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Home Publications Blogs Beat the Press Frank Bruni Is Angry That the Government Pays 1000 Times as Much to Peter Peterson as It Does to the Average Kid

Frank Bruni Is Angry That the Government Pays 1000 Times as Much to Peter Peterson as It Does to the Average Kid

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Sunday, 08 June 2014 05:16

Actually he is not angry about how much money the government pays to Peter Peterson but if he were consistent in his logic he would be. Bruni wrote an apology from older generations to millennials, and one of the central themes is that we are supposed to feel bad about all the money that we get for Social Security and Medicare:

"The Urban Institute released a report in 2012 that looked at figures from 2008 for the combined local, state and federal spending that directly benefited Americans 65 and older versus spending that went to Americans under 19; the per capita discrepancy was $26,355 versus $11,822."

The vast majority of the money going seniors in the Urban Institute's calculation refers to payments for Social Security and Medicare. These are benefits that seniors paid for during their working lifetimes with designated taxes. Ignoring the fact that people paid for these benefits would be as dishonest as ignoring that the fact that a rich person like Peter Peterson could get millions of dollars a year in interest payments on government bonds because he happened to pay to buy hundreds of millions of dollars of government bonds.

Neither Bruni nor economists at the Urban Institute would ever make the mistake of talking about the interest payments to wealthy people on government bonds without noting that these people had paid to buy the bonds. Why do they forget this connection when it comes to talking about Social Security and Medicare benefits?

And these are benefits that are largely paid for. According to an analysis from the Urban Institute, the typical retiree will get slightly less back in Social Security benefits than what they paid into the program in taxes. The cost of their Medicare benefits will substantially exceed what they paid in taxes, however this is due to the fact that health care costs more than twice as much per person in the United States as the average for other wealthy countries.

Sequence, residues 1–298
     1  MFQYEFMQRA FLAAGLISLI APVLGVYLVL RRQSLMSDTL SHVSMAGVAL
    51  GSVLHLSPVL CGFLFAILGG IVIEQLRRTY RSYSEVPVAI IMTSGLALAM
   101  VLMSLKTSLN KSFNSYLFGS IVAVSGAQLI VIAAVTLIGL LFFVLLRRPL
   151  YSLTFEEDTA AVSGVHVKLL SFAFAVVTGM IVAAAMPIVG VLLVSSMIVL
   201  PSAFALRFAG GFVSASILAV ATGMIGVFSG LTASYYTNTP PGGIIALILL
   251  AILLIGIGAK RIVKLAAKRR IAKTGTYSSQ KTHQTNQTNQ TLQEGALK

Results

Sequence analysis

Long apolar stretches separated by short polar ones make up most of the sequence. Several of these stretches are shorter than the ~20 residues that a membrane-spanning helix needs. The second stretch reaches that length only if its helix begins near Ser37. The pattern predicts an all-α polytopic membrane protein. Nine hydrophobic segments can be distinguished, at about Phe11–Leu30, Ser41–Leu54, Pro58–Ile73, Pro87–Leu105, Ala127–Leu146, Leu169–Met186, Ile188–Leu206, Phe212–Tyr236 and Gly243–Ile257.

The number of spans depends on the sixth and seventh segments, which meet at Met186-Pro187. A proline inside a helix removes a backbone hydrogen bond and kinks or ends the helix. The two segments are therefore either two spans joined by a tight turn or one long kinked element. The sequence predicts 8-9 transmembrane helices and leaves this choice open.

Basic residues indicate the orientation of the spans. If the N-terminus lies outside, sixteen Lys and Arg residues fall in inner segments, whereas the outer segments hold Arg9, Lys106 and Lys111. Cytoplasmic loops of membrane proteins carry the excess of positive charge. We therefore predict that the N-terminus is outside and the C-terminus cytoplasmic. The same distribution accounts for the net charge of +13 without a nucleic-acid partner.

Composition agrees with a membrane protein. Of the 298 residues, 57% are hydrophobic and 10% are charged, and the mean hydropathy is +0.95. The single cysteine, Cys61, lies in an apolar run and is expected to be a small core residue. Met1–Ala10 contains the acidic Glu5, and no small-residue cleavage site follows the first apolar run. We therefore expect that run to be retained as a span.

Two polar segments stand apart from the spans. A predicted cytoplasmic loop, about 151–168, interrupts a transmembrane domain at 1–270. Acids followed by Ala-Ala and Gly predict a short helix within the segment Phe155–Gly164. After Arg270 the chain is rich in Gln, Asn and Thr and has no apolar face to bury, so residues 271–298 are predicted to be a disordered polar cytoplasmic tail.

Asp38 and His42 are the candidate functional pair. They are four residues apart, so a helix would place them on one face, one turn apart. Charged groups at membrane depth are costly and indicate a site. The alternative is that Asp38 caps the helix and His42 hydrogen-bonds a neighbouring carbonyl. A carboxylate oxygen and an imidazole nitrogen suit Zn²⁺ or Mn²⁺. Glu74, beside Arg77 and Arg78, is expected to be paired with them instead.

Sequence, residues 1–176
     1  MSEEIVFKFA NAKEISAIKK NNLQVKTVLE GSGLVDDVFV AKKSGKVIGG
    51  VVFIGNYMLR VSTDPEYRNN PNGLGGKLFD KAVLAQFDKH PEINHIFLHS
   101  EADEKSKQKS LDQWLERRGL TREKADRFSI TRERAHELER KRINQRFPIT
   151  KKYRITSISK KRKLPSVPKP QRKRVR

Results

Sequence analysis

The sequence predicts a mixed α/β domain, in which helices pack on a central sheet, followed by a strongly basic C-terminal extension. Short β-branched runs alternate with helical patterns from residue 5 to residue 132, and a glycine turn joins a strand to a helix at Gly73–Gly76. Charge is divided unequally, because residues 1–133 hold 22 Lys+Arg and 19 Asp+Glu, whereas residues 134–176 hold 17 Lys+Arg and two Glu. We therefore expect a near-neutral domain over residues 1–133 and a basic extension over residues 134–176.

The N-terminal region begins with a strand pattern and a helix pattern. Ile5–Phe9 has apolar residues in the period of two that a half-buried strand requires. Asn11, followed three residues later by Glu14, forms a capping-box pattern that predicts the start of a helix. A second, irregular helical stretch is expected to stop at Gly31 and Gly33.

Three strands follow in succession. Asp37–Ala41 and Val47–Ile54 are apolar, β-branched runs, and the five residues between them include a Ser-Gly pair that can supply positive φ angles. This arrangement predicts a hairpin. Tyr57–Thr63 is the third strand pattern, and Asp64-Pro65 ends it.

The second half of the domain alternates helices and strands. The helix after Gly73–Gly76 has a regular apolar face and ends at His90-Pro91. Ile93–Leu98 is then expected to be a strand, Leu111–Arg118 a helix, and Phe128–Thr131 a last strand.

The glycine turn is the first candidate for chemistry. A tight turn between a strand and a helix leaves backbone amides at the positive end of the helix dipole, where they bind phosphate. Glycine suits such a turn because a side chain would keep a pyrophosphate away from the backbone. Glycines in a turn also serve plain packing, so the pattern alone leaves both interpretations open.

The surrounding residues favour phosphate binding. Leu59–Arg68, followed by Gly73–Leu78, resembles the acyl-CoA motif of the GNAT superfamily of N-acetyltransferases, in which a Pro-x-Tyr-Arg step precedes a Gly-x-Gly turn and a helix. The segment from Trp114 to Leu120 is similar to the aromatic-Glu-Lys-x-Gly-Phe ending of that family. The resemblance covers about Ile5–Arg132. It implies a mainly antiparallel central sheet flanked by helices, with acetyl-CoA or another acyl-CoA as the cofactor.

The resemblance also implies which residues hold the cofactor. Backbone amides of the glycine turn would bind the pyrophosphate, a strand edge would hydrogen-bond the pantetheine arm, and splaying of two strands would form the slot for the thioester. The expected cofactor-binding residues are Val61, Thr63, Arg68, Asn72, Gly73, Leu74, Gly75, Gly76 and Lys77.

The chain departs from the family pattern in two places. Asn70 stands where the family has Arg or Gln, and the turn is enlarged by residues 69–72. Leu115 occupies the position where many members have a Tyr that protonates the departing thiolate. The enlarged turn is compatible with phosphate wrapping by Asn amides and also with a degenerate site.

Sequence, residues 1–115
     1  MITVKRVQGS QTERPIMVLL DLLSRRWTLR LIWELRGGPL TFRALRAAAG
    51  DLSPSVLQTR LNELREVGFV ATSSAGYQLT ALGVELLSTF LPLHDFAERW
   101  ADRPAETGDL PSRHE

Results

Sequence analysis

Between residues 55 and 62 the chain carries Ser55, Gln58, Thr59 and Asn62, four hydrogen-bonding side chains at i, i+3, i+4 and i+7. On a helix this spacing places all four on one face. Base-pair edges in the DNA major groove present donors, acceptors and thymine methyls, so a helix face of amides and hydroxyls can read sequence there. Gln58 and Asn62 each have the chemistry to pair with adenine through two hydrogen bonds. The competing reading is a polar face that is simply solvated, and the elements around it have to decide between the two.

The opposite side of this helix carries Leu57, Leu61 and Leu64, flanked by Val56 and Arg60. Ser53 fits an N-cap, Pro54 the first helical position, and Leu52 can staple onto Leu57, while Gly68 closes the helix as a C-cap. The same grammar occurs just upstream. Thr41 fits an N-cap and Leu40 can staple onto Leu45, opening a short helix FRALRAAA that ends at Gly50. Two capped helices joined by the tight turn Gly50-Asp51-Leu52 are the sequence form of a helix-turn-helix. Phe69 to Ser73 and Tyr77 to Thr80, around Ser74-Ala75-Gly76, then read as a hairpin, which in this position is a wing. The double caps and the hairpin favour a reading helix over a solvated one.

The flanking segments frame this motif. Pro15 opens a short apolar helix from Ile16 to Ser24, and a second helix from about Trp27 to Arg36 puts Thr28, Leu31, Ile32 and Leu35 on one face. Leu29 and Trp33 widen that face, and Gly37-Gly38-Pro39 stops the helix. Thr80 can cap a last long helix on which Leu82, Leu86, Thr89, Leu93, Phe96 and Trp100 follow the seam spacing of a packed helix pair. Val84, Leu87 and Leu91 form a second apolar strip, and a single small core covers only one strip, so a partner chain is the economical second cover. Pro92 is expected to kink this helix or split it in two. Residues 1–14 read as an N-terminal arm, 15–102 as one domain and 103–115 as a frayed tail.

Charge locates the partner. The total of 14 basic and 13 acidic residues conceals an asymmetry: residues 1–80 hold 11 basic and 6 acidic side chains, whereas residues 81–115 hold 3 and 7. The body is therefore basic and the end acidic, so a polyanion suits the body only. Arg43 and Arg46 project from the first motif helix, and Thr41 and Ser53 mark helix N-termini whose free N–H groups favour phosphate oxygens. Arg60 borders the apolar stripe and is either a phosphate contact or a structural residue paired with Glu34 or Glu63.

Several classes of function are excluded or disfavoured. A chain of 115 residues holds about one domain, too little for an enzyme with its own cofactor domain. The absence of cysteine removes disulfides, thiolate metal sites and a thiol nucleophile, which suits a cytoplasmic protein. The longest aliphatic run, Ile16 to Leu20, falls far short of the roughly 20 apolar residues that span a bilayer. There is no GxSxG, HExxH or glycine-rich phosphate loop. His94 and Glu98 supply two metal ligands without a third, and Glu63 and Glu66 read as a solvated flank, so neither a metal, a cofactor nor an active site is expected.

This is not due to getting better care in the United States. It is due to the fact that our doctors get paid twice as much, our drug companies and medical equipment suppliers charge close to twice as much, and administrators and top management in hospitals and other health care providers get paychecks that are many times larger than their counterparts in other countries.

We may owe an apology to millennials for handing them an enormously unequal economic system, but that is not Bruni's complaint. He wants middle class seniors to apologize for getting benefits that cost lots of money because the wealthy charge so much to provide them. As a practical matter the impact of inequality will swamp any costs that might be associated with Social Security and Medicare.

If young people get their share of the economy's productivity growth their real wages will be close to 50 percent higher in 30 years according to the Social Security trustees projections. On the other hand, if the trend in inequality we have seen over the last three decades continues, their wages will be little changed from what they are today.

Of course Bruni does have a point when it comes to global warming, but here also the class dimension should not be ignored. The media highlighted economic hardships that could come from measures to slow global warming in ways that they never did in other contexts, such as increases in military spending. This has helped bolster the case of those who did not want to take action. So the people who own and control major news outlets like NPR and the NYT should perhaps be signing Bruni's letter, but the bulk of the public who had little say in the matter have less cause.

(I would have Al Gore sign the letter also since the guy could not even be bothered to pay a couple of grad students to maintain a website on his movie/book.)

 

Note: Correction made, thanks folks.

Comments (19)Add Comment
...
written by Mike B., June 08, 2014 6:02
There's a mistake in the fifth paragraph - you obviously mean Medicare, not Social Security, in this sentence:

"The cost of their Social Security benefits will substantially exceed what they paid in taxes, however this is due to the fact that health care costs more than twice as much per person in the United States as the average for other wealthy countries. "
Frank??